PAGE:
- 1 Exeter Bike Bus - Ride Reports - Febuary 2013
- 1.1 7 March 2013 - Uffculme, Cold Harbour Mill - A Really Black Day for the Bike Bus
- 1.2 28 February 2013 - Escot
- 1.3 An Aside
- 1.4 21 February 2013 – Stoke Canon & Crediton
- 1.5 14 February 2013 - Cullompton - A Black Day for the Bike Bus
- 1.6 7 February 2013 - Crediton
- 1.7 31 January 2013 - Powderham
Exeter Bike Bus - Ride Reports - Febuary 2013
7 March 2013 - Uffculme, Cold Harbour Mill - A Really Black Day for the Bike Bus
Now you would think that the concept of a timetable would be familiar to most adults in this country, wouldn't you?
But you would be wrong.
First a quick reminder, timetables
- list places, and
- the times you should be at those places.
Pauline failed at the first hurdle ... going to, ... and waiting at (right so far) ... the wrong place (in fact a place not even listed on the timetable). After waiting for half an hour at the Swing Bridge ... she then set off on her own route. Therefore a Black Sheep Award.
Subsequently it emerged that Mike & Sue ... on seeing the rain ... decided to stay in the warm in their riverside flat. Whilst supping coffee they observed Pauline cycling in the wet the wrong way. Did they ring her to warn her of the error of her ways?
Therefore two more Black Sheep Awards.
Further north even more trouble was brewing. Six unfortunates (Tim, Judy, Chris, Alan, Glenis and Hugh) smuggly congratulated themselves for finding the bus stop at Killerton. Unfortunately the bus had already passed through and picked up the passengers who were waiting at the correct time. Thus the Executive have decided to award a record six more Black Sheep Awards in one go.
Meanwhile in the far east Stephanie and Keith decided to completely ignore the timetable and set off on a very private excursion of their own leaving behind the unfortunate newcomer Jim ... who had to heroically make his own way to Killerton. Therefore two more Black Sheep Awards.
The official Bike Bus arrived at the Mill on schedule. And one hour later, just as the Bus was setting off to lunch, a bedraggled party arrived with an unconvincing set of excuses - road works, bridges missing, trolls, sandwiches to be eaten, etc.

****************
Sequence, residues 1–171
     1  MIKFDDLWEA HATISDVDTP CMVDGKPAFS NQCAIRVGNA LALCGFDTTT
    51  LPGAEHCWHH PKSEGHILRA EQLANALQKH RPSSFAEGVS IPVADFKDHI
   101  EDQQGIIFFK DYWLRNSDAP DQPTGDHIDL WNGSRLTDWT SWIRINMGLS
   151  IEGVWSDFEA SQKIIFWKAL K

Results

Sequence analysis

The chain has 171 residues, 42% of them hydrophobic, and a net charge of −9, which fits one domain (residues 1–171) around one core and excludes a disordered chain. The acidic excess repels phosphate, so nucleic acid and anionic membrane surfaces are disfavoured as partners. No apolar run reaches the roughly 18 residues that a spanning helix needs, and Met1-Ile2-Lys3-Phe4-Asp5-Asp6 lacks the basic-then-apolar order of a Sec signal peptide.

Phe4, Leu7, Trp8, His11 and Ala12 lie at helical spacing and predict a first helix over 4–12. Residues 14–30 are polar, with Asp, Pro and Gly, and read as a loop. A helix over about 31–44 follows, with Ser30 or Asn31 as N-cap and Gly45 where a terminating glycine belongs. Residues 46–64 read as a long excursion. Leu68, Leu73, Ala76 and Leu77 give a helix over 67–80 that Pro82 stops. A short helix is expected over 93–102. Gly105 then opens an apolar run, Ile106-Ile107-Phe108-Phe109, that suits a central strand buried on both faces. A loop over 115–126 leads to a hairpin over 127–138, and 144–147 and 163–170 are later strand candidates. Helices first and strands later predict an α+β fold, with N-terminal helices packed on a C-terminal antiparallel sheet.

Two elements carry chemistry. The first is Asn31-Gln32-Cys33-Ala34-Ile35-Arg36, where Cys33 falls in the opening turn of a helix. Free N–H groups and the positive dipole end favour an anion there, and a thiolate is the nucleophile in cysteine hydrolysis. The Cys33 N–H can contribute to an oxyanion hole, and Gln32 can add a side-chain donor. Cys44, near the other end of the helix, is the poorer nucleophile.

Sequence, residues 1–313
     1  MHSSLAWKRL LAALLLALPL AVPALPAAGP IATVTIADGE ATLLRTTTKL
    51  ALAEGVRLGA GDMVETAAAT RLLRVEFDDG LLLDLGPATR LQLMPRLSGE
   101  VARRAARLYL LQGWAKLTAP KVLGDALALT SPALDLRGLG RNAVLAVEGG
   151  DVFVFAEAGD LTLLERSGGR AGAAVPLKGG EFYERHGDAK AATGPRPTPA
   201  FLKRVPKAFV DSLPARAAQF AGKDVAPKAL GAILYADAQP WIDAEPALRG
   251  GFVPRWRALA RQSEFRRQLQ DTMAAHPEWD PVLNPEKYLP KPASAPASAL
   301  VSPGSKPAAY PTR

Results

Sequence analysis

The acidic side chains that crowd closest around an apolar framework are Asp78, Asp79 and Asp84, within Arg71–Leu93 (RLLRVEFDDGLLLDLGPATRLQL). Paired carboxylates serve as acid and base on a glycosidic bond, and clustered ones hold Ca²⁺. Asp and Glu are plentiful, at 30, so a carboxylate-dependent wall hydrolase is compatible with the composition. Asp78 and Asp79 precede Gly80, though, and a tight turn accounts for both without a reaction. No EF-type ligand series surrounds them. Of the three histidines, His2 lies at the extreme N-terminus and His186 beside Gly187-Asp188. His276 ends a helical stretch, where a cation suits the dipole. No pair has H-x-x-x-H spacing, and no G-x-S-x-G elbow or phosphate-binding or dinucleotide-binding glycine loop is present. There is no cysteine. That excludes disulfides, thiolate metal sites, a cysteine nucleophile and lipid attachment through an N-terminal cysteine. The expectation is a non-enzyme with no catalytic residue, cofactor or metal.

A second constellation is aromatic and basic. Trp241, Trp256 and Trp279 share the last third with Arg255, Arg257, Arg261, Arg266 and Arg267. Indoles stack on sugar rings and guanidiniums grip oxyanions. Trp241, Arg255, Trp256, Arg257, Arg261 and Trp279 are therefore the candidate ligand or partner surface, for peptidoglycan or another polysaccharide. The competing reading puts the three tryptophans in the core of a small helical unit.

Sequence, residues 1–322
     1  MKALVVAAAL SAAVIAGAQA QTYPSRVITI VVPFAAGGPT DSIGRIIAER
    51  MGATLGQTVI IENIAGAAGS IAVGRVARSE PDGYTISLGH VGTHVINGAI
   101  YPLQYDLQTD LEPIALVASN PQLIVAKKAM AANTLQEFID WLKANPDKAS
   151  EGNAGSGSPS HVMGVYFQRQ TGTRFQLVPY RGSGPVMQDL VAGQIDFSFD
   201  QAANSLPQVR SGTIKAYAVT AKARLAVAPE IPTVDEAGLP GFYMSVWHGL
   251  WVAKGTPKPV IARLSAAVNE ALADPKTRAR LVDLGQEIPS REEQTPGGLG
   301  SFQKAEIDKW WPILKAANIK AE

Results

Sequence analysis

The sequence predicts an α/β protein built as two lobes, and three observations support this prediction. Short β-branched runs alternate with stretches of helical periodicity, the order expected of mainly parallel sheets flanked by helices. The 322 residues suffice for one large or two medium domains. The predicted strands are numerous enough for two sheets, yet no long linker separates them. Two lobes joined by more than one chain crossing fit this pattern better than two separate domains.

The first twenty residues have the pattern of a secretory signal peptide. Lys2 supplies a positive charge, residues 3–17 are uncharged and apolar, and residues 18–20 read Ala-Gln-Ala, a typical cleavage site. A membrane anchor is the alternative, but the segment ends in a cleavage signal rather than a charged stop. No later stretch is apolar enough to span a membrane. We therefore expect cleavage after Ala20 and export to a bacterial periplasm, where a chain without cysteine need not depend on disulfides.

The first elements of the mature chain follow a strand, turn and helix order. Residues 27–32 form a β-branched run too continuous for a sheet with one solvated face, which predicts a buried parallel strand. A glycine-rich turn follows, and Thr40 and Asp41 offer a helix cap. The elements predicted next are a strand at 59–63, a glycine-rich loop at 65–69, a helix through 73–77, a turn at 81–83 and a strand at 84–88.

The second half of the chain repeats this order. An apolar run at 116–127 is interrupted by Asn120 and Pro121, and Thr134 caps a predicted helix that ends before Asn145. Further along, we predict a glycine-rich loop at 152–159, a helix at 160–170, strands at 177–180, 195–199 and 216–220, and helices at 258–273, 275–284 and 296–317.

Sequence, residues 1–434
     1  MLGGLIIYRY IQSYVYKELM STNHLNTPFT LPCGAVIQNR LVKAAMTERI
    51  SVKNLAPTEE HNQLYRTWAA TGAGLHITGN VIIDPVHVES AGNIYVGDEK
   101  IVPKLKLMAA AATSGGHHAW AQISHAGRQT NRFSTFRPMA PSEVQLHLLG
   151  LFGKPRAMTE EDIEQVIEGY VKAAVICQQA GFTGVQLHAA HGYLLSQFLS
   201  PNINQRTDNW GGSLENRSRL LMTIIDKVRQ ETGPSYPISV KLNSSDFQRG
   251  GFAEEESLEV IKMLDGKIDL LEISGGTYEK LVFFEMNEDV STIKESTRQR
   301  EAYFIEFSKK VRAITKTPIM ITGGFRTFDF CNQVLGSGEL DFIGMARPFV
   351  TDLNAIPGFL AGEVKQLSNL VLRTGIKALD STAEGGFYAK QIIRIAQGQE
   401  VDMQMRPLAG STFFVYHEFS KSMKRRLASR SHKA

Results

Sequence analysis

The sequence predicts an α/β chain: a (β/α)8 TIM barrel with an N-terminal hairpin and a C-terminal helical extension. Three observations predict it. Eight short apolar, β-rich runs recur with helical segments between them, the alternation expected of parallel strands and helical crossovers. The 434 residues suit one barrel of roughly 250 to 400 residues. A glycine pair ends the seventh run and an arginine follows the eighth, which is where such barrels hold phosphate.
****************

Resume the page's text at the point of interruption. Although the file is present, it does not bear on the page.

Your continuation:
This is particularly disapointing given the extensive cycle training that has been delivered to the Bike Bus Participants over the winter.
One of the unfortunates (Chris) reported
Road closed, rubbish! This never usually applies to cyclists. So we continued down the road.
More convincing was the barrier all the way across the road, however we moved this out the way and proceeded more cautiously, but it was true, near total collapse.
But this is Judy, never giving up easily, saying 'We could surely ride across the parapet?'
Thus on this very sad black day eleven Black Sheep Awards were made.
28 February 2013 - Escot
Very little to report this week.
We headed out towards Escot and at Aylesbeare Cross picked up another contender for the David Dickinson Award.
After coffee Mike volunteered to lead us to Kilerton, but on the way Sue and Dave lost their concentration near Clyst St Lawrence, and went the wrong way. We all know what that means.
At Killerton we bumped into Tom who was conducting a bat count. He counted 132.
In 1980 Steve Jobs attempted to rationalize the personal computer thus ...
I think one of the things that really separates us from the higher primates is that we're tool builders. I read a study that measured the efficiency of locomotion for various species on the planet. The Condor used the least amount of energy to move a kilometer. And humans came in with a rather unimpressive showing about a third of the way down the list. It was not too proud of a showing for the crown of creation.
That didn't look so good. But then, somebody at Scientific American had the insight to test the efficiency of locomotion for a man on a bicycle. And a man on a bicycle completely blew the Condor away, completely off the top of the chart. And that's what a computer is to me. What a computer is to me, is it's the most remarkable tool that we've ever come up with. It's the equivalent of a bicycle for our minds.